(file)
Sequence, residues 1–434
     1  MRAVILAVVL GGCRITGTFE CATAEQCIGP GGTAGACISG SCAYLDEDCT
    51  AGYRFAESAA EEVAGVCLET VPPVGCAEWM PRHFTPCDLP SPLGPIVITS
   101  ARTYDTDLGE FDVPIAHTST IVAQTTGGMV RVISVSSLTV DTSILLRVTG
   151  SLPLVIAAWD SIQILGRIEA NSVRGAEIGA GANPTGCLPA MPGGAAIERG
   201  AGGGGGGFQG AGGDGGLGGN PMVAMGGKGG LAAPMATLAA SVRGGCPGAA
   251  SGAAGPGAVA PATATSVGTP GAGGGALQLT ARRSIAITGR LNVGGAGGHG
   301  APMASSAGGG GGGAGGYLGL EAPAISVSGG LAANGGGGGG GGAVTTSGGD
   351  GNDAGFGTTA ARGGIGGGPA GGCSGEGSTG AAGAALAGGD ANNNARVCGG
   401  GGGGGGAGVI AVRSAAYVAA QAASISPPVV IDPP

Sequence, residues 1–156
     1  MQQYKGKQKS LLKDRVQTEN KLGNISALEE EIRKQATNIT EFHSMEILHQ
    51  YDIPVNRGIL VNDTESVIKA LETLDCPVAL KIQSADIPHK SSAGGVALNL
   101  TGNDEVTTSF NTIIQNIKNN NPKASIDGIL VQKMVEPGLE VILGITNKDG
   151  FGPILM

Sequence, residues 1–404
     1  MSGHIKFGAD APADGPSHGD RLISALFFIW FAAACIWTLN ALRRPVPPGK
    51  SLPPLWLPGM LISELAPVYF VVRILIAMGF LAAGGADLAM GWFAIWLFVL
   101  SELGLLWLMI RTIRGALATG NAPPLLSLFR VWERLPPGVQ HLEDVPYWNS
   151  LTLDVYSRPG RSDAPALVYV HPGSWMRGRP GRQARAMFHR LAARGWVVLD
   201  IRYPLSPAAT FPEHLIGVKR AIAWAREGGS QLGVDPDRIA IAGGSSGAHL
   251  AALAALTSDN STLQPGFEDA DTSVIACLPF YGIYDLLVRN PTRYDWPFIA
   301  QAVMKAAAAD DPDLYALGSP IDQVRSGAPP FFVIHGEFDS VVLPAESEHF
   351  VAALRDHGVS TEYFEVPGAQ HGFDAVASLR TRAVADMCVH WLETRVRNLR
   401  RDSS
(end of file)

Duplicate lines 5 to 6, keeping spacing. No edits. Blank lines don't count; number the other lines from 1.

   151  SLPLVIAAWD SIQILGRIEA NSVRGAEIGA GANPTGCLPA MPGGAAIERG
   201  AGGGGGGFQG AGGDGGLGGN PMVAMGGKGG LAAPMATLAA SVRGGCPGAA